The report of a rape in Red Rock Canyon Open Space by a 19-year-old female hiker has ignited safety concerns from people who use or live near the park, especially women.
The El Paso County Sheriff's Office, which is investigating the May 24 attack, didn't alert the public, saying there are still "gaps" in its understanding of what occurred.
While a detective assigned to the case met with the victim briefly, the detective had been unable to contact her for a more formal interview "to go through things more thoroughly," sheriff's spokesman Lt. Jeff Kramer said. The detective, a woman, made repeated attempts to contact the victim, Kramer said.
"Until we can make sure we have a clear understanding, we don't want to create some kind of panic amongst the community as far as some problems in Red Rocks until we can fill in some of those gaps," Kramer said.
"If we don't have a complete understanding of what's gone on or we lack some clarity, we don't want to step out and give wrong information either. That would be probably equally damaging or worse. That's why we're treading lightly right now."
Kramer said the follow-up interview with the victim is scheduled Wednesday.
Debbie Klompenhouwer, who uses the park regularly, said she understood that the sheriff's office wanted to get the story straight but that it was still a public safety issue.
"It is very concerning to the community, especially for those of us who use the trails on a regular basis, and when we hear something like this through the grapevine more or less, it's very concerning because it's something that needs to be put out right away so the community knows," she said.
The woman told detectives she walked along one of the designated trails for about 20 to 30 minutes and then hiked off the trail for another 20 to 30 minutes when she was sexually assaulted by a stranger. The woman said the attack happened about 9 a.m. May 24, a Friday, and she reported it "later in the day," Kramer said.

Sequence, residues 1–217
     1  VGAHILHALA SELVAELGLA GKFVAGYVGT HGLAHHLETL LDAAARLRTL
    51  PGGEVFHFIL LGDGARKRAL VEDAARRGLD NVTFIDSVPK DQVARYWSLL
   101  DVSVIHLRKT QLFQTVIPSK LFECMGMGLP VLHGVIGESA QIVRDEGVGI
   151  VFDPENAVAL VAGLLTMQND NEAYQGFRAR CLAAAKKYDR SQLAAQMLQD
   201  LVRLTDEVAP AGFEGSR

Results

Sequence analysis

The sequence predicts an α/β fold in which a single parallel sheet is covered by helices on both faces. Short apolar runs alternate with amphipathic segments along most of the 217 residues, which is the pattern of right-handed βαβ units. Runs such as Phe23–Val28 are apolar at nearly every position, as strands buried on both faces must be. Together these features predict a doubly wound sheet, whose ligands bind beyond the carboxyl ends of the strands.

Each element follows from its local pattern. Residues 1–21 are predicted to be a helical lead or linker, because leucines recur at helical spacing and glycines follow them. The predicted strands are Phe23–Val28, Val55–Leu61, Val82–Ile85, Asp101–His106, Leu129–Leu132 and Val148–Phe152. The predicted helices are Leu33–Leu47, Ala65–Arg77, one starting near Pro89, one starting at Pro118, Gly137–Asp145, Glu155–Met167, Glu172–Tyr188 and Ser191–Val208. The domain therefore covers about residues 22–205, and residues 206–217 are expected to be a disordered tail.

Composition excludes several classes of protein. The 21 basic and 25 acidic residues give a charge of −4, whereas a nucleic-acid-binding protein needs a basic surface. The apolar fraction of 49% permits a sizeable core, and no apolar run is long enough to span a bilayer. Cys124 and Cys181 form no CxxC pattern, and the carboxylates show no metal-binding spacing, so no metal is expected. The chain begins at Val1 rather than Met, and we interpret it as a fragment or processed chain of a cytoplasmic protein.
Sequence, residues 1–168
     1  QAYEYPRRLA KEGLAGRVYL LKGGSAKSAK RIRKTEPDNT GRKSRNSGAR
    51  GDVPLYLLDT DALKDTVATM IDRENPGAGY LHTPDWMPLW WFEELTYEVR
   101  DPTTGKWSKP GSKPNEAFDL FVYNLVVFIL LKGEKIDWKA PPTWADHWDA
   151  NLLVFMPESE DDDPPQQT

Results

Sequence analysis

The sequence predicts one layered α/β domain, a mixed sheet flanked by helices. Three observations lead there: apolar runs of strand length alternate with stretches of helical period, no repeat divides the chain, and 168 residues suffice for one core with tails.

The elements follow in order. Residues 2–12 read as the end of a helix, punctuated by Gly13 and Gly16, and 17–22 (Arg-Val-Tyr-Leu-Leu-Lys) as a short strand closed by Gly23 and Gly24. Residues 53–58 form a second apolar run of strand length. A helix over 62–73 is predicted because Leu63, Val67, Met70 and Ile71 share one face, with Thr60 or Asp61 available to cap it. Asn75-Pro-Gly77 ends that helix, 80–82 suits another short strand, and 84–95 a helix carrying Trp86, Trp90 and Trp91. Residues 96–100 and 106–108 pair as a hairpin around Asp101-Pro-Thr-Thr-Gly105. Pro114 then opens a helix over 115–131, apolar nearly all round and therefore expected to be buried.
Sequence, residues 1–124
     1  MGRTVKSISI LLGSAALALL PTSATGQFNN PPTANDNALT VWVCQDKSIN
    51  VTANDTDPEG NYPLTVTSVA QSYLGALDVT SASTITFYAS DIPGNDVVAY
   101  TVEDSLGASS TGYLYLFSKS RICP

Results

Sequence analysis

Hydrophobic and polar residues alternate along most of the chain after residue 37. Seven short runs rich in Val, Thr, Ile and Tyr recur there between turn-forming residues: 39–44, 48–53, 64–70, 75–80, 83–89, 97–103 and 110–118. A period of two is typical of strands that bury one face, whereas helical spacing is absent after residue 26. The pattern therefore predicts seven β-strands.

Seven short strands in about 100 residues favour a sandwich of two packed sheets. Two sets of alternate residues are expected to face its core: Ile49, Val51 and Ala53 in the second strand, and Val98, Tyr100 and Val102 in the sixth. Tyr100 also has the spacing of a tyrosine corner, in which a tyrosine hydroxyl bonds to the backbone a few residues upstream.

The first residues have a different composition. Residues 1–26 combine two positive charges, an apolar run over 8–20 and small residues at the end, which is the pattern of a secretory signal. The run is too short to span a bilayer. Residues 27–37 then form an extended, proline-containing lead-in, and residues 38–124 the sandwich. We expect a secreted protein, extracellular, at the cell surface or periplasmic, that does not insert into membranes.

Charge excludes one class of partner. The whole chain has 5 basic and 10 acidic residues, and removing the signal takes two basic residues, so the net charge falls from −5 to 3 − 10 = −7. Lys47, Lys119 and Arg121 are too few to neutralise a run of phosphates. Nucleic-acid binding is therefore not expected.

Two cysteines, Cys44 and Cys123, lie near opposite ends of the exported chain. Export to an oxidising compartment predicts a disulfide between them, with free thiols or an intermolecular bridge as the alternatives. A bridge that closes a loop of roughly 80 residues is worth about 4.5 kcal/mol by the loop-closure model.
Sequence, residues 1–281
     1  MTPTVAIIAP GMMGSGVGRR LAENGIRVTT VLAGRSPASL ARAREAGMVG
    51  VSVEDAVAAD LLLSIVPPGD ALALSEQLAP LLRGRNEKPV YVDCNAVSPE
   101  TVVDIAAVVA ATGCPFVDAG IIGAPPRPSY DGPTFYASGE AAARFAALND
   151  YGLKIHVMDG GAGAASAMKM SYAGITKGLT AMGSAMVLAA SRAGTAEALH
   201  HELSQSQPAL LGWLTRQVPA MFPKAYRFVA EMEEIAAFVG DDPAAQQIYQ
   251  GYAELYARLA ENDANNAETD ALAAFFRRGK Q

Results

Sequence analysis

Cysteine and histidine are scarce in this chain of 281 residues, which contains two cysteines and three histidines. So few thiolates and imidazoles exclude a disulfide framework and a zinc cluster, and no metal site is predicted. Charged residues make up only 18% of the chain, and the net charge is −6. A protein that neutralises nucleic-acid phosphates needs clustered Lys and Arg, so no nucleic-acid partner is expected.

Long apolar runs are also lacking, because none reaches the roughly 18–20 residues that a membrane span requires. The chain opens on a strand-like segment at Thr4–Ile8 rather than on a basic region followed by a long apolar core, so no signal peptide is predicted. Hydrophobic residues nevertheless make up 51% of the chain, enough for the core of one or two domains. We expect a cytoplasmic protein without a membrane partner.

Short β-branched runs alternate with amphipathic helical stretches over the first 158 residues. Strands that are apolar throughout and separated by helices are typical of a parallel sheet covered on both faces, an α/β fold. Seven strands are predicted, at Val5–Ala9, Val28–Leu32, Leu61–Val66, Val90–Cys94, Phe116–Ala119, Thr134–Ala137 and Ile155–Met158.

"This is an active case for us. It's being looked into by one of our detectives," he said.
Despite the lack of publicity, news of the attack spread late last week after an email written by someone who identified herself as the victim's aunt was forwarded repeatedly and posted on Facebook.
"As my sister was out of town, I was there with her through the whole reporting process which was one of the most horrific experience (sic) I have ever been through," the person wrote in the email. "She has shown such strength and I am so proud of her. She does not want anyone else to have to go through this."
Klompenhouwer said she heard about the attack Saturday from a female client who had received the email.
"I also heard about it from a neighbor this morning at 6:15 when I was out, and today when I was back at work, heard about it again. Women talk," she said.
In the email, the assailant was described as a young man, about 5-feet 10-inches tall, with longish wavy brown hair and acne scars on both cheeks. He was wearing a Carhartt hooded sweatshirt and black work pants and smelled "very strongly" of alcohol.
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